On more than one occasion Dr. Friedman has noted that modern public education remains based on a 19th-century model with children from different backgrounds brought together into a single melting pot. That doesn’t work in the 21st century. In The Wall Street Journal column, Dr. Friedman wrote, “Free market competition can do for education what it has already done for other areas, such as agriculture, transportation, power, communication and most recently, computers and the Internet. Only a truly competitive educational industry can empower the ultimate consumers of educational services — parents and their children.”

The only counter arguments to this are based on everything besides what benefits the children.

In the “ABC’s of School Choice” is listed the state of education choice from Alabama to Wisconsin. It’s a mixed bag with some states offering vouchers and others alternatives such as Education Savings Accounts, tax-credit scholarships and individual tax credits/deductions.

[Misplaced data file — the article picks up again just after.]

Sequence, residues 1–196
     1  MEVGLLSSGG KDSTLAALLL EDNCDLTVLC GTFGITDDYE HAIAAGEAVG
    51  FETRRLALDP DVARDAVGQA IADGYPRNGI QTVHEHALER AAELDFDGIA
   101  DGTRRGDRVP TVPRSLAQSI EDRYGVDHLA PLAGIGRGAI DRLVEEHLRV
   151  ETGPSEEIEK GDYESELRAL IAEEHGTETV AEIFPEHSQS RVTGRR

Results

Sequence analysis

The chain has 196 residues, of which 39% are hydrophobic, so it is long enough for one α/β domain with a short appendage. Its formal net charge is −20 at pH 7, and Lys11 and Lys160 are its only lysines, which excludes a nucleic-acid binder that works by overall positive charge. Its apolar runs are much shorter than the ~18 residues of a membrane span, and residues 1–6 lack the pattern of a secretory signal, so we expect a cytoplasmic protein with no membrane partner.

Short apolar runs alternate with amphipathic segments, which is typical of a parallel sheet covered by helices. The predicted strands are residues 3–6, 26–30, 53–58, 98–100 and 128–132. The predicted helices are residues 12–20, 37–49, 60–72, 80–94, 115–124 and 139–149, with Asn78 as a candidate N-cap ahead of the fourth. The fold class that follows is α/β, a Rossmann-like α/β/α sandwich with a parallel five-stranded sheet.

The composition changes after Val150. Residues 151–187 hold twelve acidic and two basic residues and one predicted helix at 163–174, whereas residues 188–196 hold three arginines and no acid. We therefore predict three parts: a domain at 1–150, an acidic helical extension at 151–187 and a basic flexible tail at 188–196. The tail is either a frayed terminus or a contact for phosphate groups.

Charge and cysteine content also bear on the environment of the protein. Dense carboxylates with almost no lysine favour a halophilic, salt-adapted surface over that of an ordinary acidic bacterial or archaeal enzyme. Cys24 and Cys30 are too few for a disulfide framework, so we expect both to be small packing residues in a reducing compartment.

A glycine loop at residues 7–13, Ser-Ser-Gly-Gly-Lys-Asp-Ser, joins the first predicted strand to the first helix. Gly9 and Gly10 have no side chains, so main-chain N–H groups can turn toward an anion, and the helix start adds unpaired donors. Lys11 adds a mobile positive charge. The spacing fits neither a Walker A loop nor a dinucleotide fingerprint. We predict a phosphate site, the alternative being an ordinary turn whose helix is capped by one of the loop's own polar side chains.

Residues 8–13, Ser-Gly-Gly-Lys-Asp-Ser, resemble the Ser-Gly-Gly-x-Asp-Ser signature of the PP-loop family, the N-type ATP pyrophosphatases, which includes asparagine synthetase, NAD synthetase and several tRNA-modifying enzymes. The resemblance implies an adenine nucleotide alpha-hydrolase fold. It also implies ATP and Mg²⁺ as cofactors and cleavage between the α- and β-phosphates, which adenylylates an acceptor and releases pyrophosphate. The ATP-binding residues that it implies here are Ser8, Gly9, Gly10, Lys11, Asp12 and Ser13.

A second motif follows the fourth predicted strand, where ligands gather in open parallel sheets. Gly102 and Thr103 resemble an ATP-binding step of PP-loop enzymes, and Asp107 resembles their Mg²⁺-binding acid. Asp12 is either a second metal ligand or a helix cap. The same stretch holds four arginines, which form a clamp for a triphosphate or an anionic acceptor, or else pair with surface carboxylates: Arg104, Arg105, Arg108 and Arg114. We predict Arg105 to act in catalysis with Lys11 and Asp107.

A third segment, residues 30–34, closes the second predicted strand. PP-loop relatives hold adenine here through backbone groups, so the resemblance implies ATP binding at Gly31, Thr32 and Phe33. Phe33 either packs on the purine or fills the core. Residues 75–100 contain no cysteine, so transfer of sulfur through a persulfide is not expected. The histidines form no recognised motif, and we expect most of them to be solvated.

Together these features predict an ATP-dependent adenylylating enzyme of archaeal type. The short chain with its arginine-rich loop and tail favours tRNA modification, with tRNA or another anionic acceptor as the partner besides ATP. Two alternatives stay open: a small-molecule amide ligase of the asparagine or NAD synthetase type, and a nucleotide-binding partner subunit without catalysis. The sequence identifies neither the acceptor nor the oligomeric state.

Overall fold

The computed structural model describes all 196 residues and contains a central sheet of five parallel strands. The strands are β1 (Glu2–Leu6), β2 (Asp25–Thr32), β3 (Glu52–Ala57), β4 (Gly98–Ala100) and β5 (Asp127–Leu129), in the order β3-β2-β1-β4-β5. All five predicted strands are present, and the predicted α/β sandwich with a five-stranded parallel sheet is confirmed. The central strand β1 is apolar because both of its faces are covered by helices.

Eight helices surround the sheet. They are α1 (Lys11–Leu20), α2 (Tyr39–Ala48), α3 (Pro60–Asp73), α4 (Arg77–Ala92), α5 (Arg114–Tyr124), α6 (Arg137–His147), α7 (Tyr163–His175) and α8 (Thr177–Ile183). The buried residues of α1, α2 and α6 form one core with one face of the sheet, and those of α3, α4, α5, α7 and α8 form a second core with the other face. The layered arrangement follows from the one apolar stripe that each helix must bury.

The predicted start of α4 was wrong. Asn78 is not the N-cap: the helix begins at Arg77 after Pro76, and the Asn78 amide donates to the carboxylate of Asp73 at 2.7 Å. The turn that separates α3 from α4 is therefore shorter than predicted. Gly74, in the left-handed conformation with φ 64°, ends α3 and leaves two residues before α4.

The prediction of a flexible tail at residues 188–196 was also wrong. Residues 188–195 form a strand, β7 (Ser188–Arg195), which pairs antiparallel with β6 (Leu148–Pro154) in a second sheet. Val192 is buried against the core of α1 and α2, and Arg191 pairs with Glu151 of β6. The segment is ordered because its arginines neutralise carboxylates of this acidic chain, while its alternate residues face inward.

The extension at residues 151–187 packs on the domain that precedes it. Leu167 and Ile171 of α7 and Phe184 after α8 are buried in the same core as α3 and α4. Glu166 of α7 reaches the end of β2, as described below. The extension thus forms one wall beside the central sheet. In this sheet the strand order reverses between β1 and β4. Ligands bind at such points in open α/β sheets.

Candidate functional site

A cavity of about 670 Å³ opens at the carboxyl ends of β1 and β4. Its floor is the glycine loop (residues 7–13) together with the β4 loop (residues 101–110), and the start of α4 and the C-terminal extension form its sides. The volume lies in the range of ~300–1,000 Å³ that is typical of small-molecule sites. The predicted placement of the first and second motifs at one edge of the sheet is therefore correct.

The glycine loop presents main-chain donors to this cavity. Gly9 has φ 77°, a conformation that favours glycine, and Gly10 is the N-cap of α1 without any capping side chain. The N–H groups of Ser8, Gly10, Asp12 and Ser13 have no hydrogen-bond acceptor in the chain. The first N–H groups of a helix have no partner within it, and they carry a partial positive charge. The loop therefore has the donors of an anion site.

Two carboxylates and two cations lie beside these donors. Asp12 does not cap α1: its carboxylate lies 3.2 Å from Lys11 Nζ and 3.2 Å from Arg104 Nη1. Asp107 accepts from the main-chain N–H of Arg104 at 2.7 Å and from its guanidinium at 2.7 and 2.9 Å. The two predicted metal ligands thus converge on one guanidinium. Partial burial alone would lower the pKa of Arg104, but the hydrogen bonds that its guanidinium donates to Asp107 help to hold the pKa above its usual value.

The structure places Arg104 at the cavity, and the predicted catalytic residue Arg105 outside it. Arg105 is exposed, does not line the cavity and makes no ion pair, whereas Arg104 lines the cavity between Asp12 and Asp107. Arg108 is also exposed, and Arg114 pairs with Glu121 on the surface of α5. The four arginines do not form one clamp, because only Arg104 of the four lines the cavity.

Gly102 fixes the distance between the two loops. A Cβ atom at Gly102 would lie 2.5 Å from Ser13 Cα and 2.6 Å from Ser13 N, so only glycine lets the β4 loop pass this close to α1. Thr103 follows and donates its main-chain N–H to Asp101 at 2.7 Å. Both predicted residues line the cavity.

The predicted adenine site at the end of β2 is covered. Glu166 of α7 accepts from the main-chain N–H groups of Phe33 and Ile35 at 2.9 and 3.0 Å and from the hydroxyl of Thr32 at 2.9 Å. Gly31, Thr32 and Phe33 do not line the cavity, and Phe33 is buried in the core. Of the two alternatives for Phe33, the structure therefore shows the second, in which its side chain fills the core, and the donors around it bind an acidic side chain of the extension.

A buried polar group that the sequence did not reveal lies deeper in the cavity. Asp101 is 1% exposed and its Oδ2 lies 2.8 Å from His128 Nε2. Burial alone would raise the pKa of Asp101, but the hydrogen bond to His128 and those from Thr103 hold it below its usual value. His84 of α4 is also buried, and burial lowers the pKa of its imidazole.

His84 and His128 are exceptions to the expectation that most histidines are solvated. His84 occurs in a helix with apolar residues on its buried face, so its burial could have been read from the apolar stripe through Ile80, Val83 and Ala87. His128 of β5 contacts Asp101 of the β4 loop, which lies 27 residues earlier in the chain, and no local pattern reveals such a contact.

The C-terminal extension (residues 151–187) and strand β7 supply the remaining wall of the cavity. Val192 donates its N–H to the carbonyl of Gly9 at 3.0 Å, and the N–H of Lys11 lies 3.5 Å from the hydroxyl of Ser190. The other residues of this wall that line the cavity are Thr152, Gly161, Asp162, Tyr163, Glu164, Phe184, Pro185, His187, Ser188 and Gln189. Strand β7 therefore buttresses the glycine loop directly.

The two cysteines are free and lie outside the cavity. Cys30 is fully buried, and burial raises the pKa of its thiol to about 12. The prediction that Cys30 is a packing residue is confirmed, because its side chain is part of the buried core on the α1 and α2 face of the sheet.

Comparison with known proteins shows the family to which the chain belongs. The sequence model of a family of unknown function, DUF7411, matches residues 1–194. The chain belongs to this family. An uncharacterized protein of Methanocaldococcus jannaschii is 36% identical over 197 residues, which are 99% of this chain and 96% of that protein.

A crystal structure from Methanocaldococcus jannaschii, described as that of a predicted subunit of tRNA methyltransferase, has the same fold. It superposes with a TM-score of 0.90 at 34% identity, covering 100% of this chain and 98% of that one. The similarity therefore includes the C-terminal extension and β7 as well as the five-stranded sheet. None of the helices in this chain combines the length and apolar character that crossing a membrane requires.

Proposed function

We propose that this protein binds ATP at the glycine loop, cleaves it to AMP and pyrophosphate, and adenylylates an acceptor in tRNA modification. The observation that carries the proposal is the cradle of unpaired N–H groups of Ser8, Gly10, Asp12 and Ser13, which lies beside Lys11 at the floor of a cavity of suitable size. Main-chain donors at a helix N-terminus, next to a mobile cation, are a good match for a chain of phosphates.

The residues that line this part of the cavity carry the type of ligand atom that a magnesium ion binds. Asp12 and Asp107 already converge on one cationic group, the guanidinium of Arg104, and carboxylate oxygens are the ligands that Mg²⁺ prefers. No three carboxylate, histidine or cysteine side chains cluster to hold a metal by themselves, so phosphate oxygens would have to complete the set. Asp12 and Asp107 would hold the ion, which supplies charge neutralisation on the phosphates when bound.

These would be used at a parent’s discretion for private schools — secular or religious, charter public schools, homeschooling, or online learning.

While Dr. Friedman acknowledged that school choice would benefit poor and minority students, he maintained that all boats would be raised because competition would force every school — public and private — to compete for “customers.” When businesses compete for customers the quality of their products must improve in order for them to stay in business. Not so with the public school monopoly that gets taxpayer money with few requirements, except in a few states, that they improve their product.